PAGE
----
new labradoodle puppy first days at home

First Days At Home With Your New Labradoodle Puppy

The first days at home with a new Labradoodle puppy are exciting and nerve-wracking. They are also full of new experiences for you both. Today we are going to help you set yourself up for success. We have lots of tips to help you prepare for bringing your Labradoodle home and get you through those first few days and weeks!

The first few days are important to show your puppy they can feel comfortable around you and their new home. You can even get started on some very basic training!

First Days at Home with a New Labradoodle Puppy

Every day, some lucky person wakes up to their Labradoodle puppy’s first days at home. Perhaps this describes you right now! If so, we imagine you are excited, a little nervous, and just a touch sleep-deprived from thinking about meeting your puppy all night.

It’s very important to all first time puppy owners that they get everything right. Starting off on the right foot with your puppy can encourage a strong bond and great puppy manners from the beginning!

Raising a Puppy is a Lot of Work

Raising a puppy isn’t always easy. Potty training, socialization, and those first few trips to the vet can be stressful. Don’t worry, it’s normal! But, raising a Labradoodle puppy can also be a lot of fun. And of course, Labradoodle cuteness can really sweeten those tougher moments.

Making sure you’re fully prepared before your puppy actually comes home can make the whole process a lot smoother. This involves choosing the right supplies, learning about training and socialization, and finding a good veterinarian.

labradoodle puppy first days at home

Finding and Choosing a Veterinarian

The first thing new puppy owners must do is find a great canine veterinarian. From early on, vet visits will involve general check ups, vaccinations, pest treatments, and more.

If you’ve chosen a reputable breeder when buying your puppy, it’s likely that they will already be started on vaccinations and pest treatments. So, find out this information from the breeder and pass it along to your veterinarian.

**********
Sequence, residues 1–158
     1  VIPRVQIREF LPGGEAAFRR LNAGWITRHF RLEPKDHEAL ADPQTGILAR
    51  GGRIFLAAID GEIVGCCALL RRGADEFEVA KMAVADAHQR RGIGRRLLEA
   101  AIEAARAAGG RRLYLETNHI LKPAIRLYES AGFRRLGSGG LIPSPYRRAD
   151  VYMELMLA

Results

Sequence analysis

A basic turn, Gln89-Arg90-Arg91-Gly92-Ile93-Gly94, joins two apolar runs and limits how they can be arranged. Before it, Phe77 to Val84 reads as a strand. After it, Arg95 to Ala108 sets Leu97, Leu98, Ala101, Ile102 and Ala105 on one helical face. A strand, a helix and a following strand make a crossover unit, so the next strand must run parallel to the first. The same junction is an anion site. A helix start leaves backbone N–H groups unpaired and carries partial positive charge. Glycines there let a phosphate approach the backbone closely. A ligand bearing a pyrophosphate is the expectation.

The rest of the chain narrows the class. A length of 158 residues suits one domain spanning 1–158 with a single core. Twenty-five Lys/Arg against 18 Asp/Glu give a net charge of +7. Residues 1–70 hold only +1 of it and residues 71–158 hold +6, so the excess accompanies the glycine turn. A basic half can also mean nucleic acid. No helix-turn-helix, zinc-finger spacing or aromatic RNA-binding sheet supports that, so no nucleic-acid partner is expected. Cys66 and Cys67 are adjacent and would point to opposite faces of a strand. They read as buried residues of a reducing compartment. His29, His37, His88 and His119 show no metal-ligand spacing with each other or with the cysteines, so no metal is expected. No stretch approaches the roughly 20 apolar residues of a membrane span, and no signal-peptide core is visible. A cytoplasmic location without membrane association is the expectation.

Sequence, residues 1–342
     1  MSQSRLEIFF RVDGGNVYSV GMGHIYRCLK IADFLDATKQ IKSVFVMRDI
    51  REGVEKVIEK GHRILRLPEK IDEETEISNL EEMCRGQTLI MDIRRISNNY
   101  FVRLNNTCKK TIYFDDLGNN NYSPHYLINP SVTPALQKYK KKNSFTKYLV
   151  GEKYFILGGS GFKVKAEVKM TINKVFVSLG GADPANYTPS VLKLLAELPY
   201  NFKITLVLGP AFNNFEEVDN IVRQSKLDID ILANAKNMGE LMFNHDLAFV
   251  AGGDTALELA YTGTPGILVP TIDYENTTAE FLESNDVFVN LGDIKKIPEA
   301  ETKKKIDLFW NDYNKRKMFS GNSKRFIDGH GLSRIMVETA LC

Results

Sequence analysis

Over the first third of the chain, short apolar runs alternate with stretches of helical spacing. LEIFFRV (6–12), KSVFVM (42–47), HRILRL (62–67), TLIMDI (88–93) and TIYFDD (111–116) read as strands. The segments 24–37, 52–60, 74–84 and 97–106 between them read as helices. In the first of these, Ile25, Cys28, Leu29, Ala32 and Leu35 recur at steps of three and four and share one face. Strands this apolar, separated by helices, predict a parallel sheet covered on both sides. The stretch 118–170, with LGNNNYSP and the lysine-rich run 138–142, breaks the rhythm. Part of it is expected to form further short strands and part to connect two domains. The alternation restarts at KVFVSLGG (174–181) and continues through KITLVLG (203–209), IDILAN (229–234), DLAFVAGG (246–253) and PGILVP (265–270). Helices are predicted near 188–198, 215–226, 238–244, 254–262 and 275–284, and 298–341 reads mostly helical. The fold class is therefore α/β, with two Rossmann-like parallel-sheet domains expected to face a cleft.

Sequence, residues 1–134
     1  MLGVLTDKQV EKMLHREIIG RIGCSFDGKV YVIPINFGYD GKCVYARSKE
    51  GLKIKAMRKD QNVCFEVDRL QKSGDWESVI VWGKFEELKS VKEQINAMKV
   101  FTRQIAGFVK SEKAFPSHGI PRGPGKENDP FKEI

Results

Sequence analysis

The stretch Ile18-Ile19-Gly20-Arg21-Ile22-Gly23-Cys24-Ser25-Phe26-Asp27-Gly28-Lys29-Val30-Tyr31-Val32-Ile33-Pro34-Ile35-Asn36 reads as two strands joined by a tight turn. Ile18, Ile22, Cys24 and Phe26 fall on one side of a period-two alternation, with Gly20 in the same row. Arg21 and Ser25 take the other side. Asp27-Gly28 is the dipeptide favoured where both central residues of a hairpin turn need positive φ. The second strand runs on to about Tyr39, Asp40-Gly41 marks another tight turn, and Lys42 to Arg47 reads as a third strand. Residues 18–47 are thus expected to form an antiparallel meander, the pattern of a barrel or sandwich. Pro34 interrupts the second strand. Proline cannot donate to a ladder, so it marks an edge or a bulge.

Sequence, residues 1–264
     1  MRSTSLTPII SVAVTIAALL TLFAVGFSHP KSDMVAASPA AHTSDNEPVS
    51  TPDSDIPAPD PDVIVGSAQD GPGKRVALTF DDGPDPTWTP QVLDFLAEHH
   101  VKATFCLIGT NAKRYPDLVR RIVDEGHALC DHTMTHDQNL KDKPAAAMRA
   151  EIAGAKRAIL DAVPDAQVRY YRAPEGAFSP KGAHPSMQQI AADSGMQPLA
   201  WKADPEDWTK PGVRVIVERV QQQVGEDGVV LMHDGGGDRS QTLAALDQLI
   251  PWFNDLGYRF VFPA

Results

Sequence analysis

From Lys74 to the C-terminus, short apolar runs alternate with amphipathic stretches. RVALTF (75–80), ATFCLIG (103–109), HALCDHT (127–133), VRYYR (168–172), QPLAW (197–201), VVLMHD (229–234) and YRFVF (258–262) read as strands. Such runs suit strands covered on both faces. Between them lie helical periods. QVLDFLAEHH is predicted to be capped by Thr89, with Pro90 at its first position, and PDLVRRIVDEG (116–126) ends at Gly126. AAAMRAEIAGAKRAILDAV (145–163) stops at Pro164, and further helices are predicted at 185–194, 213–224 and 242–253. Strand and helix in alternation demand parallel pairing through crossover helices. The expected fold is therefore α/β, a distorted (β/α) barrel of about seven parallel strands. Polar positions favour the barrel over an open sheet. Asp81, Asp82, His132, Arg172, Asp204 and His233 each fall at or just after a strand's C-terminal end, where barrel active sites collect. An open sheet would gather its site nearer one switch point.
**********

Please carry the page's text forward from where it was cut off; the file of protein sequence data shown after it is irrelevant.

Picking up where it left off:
Puppy Supplies Checklist

This checklist is a great guide for new puppy owners. Speak to your breeder too, as they may have suggestions or specific recommendations to add.

  • Leash and collar (puppy fit) with ID tags
  • Food and water dishes
  • The same puppy food that your puppy’s breeder was using (You can transition to something different after the first few days if you want to
  • Puppy treats
  • Puppy teething and chew toys
  • Appropriately sized crate or large crate with a divider
  • Bedding and blankets
  • Puppy pee pads (if you are using this training method
  • Poop bags
  • Puppy toothbrush and puppy-safe toothpaste
  • Brush and comb suitable for your Labradoodle’s fur type
  • Training clicker or other positive reinforcement training tools of your choice
  • Urine and odor removing cleaning products
  • Baby gates or puppy pen to create a puppy zone

Those are the most important items that you will need for your new puppy. Of course there are other things that can be useful, but not everyone will choose to get them.

For instance, you may want a bed that your puppy can use other than the one in their crate. You may want to invest in a harness in preparation for taking your puppy outside at 12 weeks. And, you might like items like a puppy sling to make carrying your Labradoodle easier during socialization sessions.

Check with your Breeder and Veterinarian

As we mentioned earlier, it’s a great idea to speak to your breeder and your chosen veterinarian about this list. They may be able to recommend specific products that they have tried and tested before. Alternatively, they may be able to add on extra things that will be useful for your specific lifestyle and situation.

Puppy Proofing Your Home

Before your Labradoodle puppy’s first days at home, you must puppy proof your house and yard. Your new Labradoodle puppy will explore the world with their nose and mouth.

They will lick and chew almost everything they come across, from chair legs and accessible valuables to clothing and fingers. Plus, they may also pee in places and on things you don’t want them to. But we will talk more about potty training a little later.

Generally, it’s easiest if you can keep your puppy in a room with washable floors for their first few days, until they’re settled in and are gaining control over their bladder. This will keep destruction to a minimum. But, choose a room you’re happy to spend your time in too, as you shouldn’t leave your puppy alone in those first few days. Doing so can make them stressed and anxious!